1964 M9.2 Great Alaska Earthquake


The duration of rupture lasted approximately 4 minutes (240 seconds). The aftershock zone of this earthquake, which is used to determine the rupture area of the event, was about 250 km wide and extended about 800 km from Prince William Sound to the southwestern end of Kodiak Island.

The mainshock ruptured the Aleutian Megathrust. The megathrust is the interface, or boundary, between the Pacific and North American plates.

Drawing showing subduction zone movement during 1964 earthquake.


Widespread uplift occurred south of Kodiak Island and the Kenai Peninsula. Some areas experienced uplift of nearly 38 feet. Areas to the north (inland) experienced subsidence, or a dropping of the land. Some areas experienced subsidence of nearly 8 feet. The map below from a USGS Fact Sheet shows the approximate boundary between areas that were uplifted and subsided.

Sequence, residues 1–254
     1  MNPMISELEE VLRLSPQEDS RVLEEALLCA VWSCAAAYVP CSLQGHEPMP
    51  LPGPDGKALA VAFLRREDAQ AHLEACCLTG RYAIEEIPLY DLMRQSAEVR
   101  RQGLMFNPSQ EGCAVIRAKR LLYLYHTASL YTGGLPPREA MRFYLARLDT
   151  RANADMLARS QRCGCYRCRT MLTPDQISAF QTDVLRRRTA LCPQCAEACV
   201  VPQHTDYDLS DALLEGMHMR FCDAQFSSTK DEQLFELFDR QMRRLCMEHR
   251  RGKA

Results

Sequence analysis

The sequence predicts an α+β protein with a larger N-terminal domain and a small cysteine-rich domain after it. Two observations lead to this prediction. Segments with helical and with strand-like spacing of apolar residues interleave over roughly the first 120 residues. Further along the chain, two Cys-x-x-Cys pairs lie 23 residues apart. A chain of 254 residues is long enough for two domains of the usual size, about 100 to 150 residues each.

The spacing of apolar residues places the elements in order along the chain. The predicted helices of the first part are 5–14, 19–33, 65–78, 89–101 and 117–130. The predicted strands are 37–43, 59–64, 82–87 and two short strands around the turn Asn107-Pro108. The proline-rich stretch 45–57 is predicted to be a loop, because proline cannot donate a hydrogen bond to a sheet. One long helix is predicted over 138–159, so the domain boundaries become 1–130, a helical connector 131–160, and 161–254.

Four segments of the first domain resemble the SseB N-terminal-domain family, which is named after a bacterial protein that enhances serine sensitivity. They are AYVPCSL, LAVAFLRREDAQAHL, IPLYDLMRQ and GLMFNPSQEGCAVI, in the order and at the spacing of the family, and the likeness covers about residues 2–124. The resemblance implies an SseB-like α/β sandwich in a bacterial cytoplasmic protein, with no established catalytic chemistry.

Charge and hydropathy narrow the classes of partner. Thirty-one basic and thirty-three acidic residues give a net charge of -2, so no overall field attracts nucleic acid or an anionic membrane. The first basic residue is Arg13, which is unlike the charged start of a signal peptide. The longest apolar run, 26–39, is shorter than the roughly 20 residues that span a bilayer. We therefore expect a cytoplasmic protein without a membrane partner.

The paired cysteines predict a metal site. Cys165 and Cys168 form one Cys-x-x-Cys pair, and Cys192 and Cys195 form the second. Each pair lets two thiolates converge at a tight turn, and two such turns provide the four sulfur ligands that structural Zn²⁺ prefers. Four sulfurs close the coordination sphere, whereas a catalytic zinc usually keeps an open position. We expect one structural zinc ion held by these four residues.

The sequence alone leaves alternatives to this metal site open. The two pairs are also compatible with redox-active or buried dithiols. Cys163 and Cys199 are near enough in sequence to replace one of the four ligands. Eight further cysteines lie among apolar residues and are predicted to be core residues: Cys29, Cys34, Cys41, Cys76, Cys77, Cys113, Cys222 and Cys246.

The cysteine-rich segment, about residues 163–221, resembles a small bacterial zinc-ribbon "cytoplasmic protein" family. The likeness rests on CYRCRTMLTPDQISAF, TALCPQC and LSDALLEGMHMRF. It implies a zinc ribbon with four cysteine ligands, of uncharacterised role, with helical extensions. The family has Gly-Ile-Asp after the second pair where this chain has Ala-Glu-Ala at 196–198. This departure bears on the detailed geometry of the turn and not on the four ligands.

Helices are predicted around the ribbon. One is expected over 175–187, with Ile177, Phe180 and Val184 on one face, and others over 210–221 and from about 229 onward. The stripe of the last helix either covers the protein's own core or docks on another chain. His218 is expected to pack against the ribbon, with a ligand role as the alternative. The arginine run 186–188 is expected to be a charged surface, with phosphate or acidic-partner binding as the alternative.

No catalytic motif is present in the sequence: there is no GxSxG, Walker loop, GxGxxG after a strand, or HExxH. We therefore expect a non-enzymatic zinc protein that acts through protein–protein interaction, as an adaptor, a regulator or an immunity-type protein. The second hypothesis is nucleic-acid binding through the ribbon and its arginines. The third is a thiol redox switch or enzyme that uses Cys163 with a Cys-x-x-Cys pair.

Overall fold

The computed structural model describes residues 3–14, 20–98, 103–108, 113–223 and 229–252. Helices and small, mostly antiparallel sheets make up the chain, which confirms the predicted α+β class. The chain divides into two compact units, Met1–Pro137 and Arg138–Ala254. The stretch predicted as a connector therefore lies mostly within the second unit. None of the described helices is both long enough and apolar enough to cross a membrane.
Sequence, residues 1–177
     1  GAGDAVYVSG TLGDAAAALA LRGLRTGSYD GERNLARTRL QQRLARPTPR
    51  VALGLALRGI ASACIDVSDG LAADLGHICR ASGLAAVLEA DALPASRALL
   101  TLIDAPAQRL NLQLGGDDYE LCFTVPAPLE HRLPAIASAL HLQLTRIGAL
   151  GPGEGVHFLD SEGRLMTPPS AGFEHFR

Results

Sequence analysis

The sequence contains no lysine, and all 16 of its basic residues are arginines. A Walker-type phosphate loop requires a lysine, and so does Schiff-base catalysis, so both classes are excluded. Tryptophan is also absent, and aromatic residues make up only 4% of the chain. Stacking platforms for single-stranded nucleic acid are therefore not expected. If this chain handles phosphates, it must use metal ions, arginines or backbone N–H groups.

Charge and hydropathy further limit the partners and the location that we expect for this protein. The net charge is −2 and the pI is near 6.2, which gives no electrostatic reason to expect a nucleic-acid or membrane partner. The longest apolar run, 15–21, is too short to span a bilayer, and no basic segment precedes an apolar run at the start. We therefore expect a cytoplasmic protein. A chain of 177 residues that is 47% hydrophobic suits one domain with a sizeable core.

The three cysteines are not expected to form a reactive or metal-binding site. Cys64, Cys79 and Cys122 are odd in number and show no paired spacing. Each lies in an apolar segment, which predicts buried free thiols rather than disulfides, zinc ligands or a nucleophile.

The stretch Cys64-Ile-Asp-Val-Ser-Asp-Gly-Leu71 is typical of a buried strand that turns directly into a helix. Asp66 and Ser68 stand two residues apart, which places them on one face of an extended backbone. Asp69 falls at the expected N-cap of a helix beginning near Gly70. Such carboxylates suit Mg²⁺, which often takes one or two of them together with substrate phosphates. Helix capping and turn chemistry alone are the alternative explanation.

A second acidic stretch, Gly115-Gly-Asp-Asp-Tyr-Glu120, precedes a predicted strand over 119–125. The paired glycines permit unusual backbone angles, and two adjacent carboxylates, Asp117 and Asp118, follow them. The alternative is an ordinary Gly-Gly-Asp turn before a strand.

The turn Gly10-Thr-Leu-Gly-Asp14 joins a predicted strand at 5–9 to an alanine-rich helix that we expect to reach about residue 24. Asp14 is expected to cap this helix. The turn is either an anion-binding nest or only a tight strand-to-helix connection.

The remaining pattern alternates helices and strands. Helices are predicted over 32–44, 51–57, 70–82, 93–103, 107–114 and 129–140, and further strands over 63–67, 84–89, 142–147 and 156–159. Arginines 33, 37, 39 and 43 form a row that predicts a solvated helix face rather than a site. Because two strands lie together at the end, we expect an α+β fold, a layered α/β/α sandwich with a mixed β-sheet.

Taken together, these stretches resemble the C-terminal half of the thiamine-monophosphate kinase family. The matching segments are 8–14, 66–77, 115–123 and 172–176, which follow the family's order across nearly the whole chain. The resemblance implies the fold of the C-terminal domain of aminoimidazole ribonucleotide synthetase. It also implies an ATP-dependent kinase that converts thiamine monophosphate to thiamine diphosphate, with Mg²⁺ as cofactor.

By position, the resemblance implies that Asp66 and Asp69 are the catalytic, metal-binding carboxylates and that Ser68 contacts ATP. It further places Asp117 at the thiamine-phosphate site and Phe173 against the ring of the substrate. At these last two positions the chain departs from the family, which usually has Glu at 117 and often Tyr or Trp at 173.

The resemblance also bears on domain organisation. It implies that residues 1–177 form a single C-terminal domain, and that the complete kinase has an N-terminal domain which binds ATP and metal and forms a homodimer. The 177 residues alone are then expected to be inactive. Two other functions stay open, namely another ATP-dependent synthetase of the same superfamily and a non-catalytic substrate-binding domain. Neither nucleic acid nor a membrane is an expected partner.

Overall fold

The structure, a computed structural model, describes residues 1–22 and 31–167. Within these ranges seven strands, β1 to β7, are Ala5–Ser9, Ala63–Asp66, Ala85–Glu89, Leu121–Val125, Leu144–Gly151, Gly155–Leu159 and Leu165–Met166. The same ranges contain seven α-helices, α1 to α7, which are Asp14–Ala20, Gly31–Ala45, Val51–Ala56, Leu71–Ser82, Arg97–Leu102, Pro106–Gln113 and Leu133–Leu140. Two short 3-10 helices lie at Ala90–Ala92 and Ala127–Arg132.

Areas of uplift and subsidence during the 1964 Great Alaska Earthquake.


In addition to damage in the epicentral region immediately following the quake, long period seismic waves traveled around the earth for several weeks. Basically, the whole earth vibrated (rang) like a bell during this time. States as far away as Texas and Florida were affected with vertical motions of up to 5 to 10 cm.